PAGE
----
“I hope these students stay curious and learn how to love learning, because the game’s not over when you get that diploma,” she said. “There’s only 24 hours in each day. Think about how that’s making you better, making your community better and making your profession better.”
Early Career Award
Alexandria Romero, chief financial officer at the Pueblo City-County Library District (class of 2006)
Romero’s career isn’t just about finance: It’s about making a tangible difference in the place where she grew up.
“I can directly see the impact that this work is having not just on those who are participating one-on-one with the library, but in the community as a whole,” Romero said.
One example of this is the Reading Pays program, where students received $100 if they read 10 books and completed various activities. The money came in the form of a voucher that children could either cash or use to establish bank accounts, and Romero said the program was unlike anything else ever done before in the country.
“It was amazing to see the children when they received that money, and all the different things they did with it,” Romero said.
Romero said it was a dream come true for her career to take her back to Pueblo. She knew she wanted to study accounting during her sophomore year of high school, and that brought her to the CSU College of Business.
“One of the things I liked was that with accounting, you have a clear path, and it’s one of those fields that’s clearly desirable,” she said.
Her advice to future students is to also consider a CPA because of the wealth of opportunities it provides.
“CPAs are highly desirable, and that pipeline is getting smaller and smaller,” she said. “It also isn’t just one path, you can do so many different things.”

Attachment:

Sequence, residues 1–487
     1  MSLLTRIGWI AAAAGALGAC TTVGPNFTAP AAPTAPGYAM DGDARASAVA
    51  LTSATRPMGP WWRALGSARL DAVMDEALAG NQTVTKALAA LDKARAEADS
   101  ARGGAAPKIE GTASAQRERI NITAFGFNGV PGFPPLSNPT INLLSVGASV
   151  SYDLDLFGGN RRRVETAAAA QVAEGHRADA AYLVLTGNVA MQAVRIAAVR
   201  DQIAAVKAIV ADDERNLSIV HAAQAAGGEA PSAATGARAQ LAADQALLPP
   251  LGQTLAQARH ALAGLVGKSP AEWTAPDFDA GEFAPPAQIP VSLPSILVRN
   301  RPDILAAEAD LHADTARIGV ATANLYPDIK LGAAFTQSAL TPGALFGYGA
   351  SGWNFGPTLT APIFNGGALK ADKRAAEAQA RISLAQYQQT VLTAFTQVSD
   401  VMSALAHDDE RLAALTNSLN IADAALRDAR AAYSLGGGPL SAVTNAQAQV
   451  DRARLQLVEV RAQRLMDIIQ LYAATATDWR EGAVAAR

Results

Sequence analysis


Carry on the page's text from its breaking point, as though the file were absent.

Margarita Lenk, professor emeritus at Colorado State University
Lenk’s son did the math, and roughly 60,000 CSU students have taken at least one of her classes during her 30 years at the University. She’s taught at least seven of her students’ own children, and personified the mission of Business for a Better World by using real-world examples from nonprofits in the classroom.
“I wanted to develop our students as leaders, both professionally and academically,” Lenk said. “After all, the CSU brand in our region and around the world is really about the strength of the students we teach.”
Lenk was first hired at CSU in 1990, and came from the University of South Carolina, where she worked as a CMA cost accountant in a factory to help pay for graduate school. She’s also worked as a service-learning consultant, worked with dozens of nonprofits across Colorado, mentored diverse students, chaired the Honors Advisory committee, served as the faculty representative to the CSU Board of Governors and started CSU’s eSports team.
Decades of teaching and real-world accounting experience has given Lenk countless stories to tell (one example is the time she watched a man wanted for financial crimes escape from law enforcement in a helicopter), but the theme of most of them is what she’s gained watching her students grow.
“I miss the CSU students every day,” she said.
Her students have similarly fond memories. Lenk taught fellow 2022 Accounting Hall of Fame inductee Lisa Hackard during her time at CSU, and they still stay in touch.
“Margarita was so challenging as my professor, and she pushed me very, very hard,” Hackard said. “But, I am forever grateful for the fact that she saw those things in me and pushed me past my comfort zone to develop those skills.”
In addition to pushing students to be better at the technical aspects of their jobs, Hackard said Lenk fostered a sense of responsibility about her own personal values and to use her profession to make the world a better place.
This was one of Lenk’s goals with all her students.
She has an example where, in one of her classes, she required students to do volunteer work with a local nonprofit. One of them seriously resisted, and she placed him with the food bank. That’s where he claimed that the bags of rice he had been packing kept getting stolen – until he realized what was actually happening was they were being distributed to people in need.
“That’s when he realized the scale of hunger in Larimer County, and why this work was so important,” Lenk said. “He already had everything inside him to make a difference.”